Apr 302015

Last weekend, I spoke on leadership at a retreat for my missionary colleagues.  I challenged some of our stereotypical images of leadership with comments such as these:,

  • “There is more to leading than going first”
  • “We confuse leadership with authority.”
  • “Leadership is more about being vulnerable than being in charge.”

We looked at Jesus’ model of leadership in John 13.  Jesus knew that all things were under his power.  And Jesus took off his outer garments, took up a water basin and towel, and washed the feet of his followers.

I also shared something I’m calling the Trust/Influence Matrix.  It’s a work in progress, and the feedback I received at the retreat was a great help to me as I continue to work on it.  It goes like this . . .

There are as many definitions of leadership as their are people who create definitions.  But one common thread in most definitions is the concept of influence.  “Leadership as influence” is an elegant, simple way to think of leadership.  If we think of the ability to influence others as a continuum, we could represent it like this:

Influence Continuum
By this definition, effective leaders are those who operate on the right side of the continuum.  The more you influence others, the more you are leading.  Followers are those who are influenced by the leader to carry out the vision, goals and plan communicated by the leader.

But this only tells part of the leadership story.  To lead as Jesus calls us to lead, we need to pay a good deal more attention to other aspects of leadership.  Not only should we consider how leaders influence followers, but we should also consider how leaders allow themselves to be influenced by those they lead.  This was the subject of my dissertation — a couple of years of work — and yet I feel that I have only begun to scratch the surface of this topic.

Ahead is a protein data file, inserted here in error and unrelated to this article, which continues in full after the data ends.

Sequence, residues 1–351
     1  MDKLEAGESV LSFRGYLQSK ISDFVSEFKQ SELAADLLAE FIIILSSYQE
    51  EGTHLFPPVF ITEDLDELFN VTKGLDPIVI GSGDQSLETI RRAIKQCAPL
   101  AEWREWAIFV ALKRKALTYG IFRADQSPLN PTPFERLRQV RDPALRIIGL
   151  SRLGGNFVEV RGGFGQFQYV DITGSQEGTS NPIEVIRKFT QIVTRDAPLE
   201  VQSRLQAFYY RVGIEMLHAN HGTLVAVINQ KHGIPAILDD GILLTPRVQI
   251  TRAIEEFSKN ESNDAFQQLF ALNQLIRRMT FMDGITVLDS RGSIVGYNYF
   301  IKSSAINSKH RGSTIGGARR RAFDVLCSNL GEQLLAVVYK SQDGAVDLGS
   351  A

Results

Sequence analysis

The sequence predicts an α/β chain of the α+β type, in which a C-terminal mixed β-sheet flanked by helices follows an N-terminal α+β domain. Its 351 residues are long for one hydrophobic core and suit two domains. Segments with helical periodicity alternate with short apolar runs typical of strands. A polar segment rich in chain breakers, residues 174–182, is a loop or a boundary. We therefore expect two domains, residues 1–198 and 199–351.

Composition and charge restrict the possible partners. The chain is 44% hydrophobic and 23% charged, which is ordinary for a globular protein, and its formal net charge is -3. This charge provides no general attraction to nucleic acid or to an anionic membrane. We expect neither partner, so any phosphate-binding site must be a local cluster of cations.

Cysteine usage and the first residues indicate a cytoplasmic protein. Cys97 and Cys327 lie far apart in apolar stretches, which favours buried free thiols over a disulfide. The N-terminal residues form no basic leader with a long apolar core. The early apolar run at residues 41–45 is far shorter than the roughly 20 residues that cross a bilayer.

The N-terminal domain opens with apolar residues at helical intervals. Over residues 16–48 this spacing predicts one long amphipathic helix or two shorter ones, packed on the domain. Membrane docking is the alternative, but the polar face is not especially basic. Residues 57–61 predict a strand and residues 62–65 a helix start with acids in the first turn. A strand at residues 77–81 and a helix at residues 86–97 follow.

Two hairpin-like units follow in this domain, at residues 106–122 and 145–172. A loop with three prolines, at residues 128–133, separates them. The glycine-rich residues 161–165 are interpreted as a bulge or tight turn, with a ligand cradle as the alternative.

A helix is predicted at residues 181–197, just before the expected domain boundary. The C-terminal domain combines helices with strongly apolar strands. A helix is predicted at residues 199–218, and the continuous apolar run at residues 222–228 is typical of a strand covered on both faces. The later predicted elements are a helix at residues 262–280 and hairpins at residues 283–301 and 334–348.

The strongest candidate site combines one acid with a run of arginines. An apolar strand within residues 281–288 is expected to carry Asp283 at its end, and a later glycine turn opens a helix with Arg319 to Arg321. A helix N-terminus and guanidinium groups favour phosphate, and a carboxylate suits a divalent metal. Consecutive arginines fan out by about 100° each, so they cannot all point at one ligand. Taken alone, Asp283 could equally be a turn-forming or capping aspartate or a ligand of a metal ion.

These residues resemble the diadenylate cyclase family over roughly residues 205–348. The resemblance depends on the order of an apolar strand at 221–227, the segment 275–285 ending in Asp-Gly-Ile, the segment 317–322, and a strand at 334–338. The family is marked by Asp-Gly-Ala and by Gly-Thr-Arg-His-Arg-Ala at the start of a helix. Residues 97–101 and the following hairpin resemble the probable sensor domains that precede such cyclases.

In addition to leadership as influence, I suggest that we also need to value leadership as trust.

Trust Continuum
Is this counter-intuitive?  We usually think of trust as the quality of followers, not leaders.  Can one say that the more you trust others, the more you are leading?  It may be possible to lead without trust, but I don’t think it’s wise and I don’t think it reflects a Biblical perspective of leadership.  I believe those who lead across cultures need need a capacity for trusting others, for learning from and listening to and accepting those they serve and lead.

In a world where both trust and influence are necessary ingredients of healthy and effective leadership, we could draw this kind of picture:

Influence:Trust Matrix
Authentic leaders are ones who don’t merely work to influence those they lead — they intentionally put themselves in a posture that allows themselves to be influenced by those they lead.  I’ll be back next week to share more about how I see each of the quadrants.

Nov 302012